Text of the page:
Despite all the contradictions and controversies, there is however one thing everyone agree upon in Cap d'Agde: freedom is paramount.


In the nude

Long associated with sexuality and lewdness, nudism is experiencing a revival. Its practice now attracts more families and young people alongside nature lovers who want to get rid of their city clothes for the summer.

This film explores the different facets of naturism, those who practise it as well as the seasonal workers who accept to work in the nude.


The new bondmen

Nearly 250 million meals are delivered each year in France, mainly by bicycle riders. In less than three years their number has exploded, with more than 20,000 of them on the roads every day.

In a quasi-monopolistic situation, the companies that employ them impose draconian conditions: precarious self-employed status, obscure pricing, and insurance contracts supposed to cover them in case of an accident with dubious clauses.

This film highlights the questionable methods of the largest delivery platforms.


The new collaborative economy explained by Henry Golding (''Crazy Rich Asians'')

The concept of sharing within communities isn’t something new. In fact, it goes back thousands of years, to a time when people didn’t really have much. Nowadays, this notion has made a comeback but with a twist. Welcome to the age of the "collaborative economy”.

It’s an ecosystem built upon the partaking of human and physical resources. At its heart is a marketplace for the exchange of ideas, experiences, used goods, underutilized spaces and so on. It's a far reaching movement that impacts human relationships, notions of ownership and, more importantly, our lives in general.

Our host, Henry Golding, embarks on a journey across 3 Asian countries to discover how the collaborative economy has transformed the way people shop, meet, eat, sleep and even relate to one another.


One of the most beautiful Parisian palace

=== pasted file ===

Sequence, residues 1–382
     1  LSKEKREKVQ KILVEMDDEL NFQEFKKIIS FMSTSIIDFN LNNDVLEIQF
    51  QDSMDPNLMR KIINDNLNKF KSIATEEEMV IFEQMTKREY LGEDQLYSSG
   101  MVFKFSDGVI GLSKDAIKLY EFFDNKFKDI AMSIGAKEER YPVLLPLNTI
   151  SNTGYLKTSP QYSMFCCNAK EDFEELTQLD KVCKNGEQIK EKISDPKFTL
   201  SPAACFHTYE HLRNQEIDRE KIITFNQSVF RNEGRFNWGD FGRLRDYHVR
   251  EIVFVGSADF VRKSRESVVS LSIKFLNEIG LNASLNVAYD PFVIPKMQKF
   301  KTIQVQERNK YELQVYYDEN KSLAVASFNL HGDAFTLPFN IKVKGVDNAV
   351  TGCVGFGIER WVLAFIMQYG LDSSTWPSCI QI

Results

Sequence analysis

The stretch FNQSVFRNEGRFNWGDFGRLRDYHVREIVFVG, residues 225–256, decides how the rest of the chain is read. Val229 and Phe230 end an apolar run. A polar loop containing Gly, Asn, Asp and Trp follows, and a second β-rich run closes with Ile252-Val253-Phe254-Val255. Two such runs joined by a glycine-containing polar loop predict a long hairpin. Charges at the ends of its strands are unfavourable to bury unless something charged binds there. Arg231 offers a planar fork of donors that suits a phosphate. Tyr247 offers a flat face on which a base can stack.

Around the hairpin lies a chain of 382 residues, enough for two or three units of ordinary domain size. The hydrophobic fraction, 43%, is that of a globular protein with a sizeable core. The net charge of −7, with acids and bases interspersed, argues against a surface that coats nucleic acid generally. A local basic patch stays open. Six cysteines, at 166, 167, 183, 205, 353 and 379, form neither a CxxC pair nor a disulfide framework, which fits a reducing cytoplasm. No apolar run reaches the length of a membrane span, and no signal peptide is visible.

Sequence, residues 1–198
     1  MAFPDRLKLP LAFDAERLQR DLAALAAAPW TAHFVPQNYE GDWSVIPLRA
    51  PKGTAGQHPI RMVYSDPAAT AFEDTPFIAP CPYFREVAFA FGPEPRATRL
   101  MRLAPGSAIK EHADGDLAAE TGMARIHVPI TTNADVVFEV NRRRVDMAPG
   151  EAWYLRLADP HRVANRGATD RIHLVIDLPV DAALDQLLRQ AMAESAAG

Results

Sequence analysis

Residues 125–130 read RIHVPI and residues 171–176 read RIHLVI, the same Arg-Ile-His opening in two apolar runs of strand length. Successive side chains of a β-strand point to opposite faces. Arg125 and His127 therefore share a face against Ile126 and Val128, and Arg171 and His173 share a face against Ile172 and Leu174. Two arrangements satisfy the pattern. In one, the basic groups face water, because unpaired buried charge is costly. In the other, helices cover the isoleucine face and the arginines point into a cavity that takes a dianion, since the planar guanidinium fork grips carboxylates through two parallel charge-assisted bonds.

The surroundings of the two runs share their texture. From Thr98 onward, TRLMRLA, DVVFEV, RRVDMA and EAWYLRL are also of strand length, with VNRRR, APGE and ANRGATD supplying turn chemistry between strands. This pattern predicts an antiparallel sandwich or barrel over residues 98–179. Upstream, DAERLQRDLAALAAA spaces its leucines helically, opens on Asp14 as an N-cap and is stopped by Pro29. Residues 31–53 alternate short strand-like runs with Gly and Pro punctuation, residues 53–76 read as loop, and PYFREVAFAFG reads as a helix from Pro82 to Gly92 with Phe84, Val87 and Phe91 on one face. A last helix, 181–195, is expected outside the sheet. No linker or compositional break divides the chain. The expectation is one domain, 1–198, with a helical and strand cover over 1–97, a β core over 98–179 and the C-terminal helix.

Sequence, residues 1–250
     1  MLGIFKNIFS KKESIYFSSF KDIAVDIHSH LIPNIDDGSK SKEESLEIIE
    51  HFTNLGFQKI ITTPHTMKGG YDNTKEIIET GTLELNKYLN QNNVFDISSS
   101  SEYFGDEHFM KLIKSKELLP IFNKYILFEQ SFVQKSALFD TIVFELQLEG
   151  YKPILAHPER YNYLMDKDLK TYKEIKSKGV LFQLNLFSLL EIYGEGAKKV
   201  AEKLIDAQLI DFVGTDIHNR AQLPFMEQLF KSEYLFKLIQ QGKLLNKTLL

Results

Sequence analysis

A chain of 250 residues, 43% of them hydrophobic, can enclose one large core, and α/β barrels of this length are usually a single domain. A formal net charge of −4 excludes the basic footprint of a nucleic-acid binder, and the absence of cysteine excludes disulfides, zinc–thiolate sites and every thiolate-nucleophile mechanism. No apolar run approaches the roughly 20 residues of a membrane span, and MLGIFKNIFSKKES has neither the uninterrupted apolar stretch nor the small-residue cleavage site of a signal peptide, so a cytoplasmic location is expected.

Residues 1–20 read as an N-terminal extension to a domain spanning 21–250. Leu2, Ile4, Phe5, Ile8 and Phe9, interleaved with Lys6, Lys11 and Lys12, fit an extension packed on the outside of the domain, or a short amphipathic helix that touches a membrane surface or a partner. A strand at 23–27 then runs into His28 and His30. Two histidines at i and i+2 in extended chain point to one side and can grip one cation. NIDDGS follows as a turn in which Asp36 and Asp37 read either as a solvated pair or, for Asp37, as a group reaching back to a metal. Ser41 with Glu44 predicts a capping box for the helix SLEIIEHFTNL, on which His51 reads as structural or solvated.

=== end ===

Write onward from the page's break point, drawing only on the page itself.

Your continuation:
For the Four Seasons George V hotel, located a few steps from the Champs Élysées, the end of year celebrations are a special moment and an opportunity to meet up with its regular customers after a pandemic that kept them away.

Faced with increased competition and the consequences of the health crisis, the hotel is also trying to attract new customers. The staff is determined to reinforce a tailor-made service but also to offer new services such as home-made breakfast.

Inside one of the most beautiful Parisian palaces for the end of year celebrations.


Counselor French Presidents of all stripes

When it comes to the environment, Nicolas Hulot, a very popular French explorer, has been counseling French Presidents of all stripes for more than 20 years. That has led some to accused him of switching from one political side to another without shame.

What are the real impacts of his work in the light of the COP21?


Beyond the propaganda

In 2011, the sudden death of Kim Jung Il brought to power his Western educated son and basket-ball fan, Kim Jun-un, 30. But very quickly any hope of liberalization raised by the new leadership faded in front of the dictatorial logic of the first communist dynasty in History.

This is the testimony of a journalist invited in North Korea to film whatever the regime wanted to promote. He did come back with loads of official images but couldn’t help put them in perspective with accounts of North Korean refugees, shedding a blinding light on the ghastly reality of their country.

Propaganda, mass enrollment, brain washing and a cult of personality are the cogs thoroughly dissected in this reference film, a striking case study of the mechanics of a totalitarian country now threatening the world's peace with its nuclear fire.


Driven by passion

They are bookseller, hairdresser, haberdasher, grocer...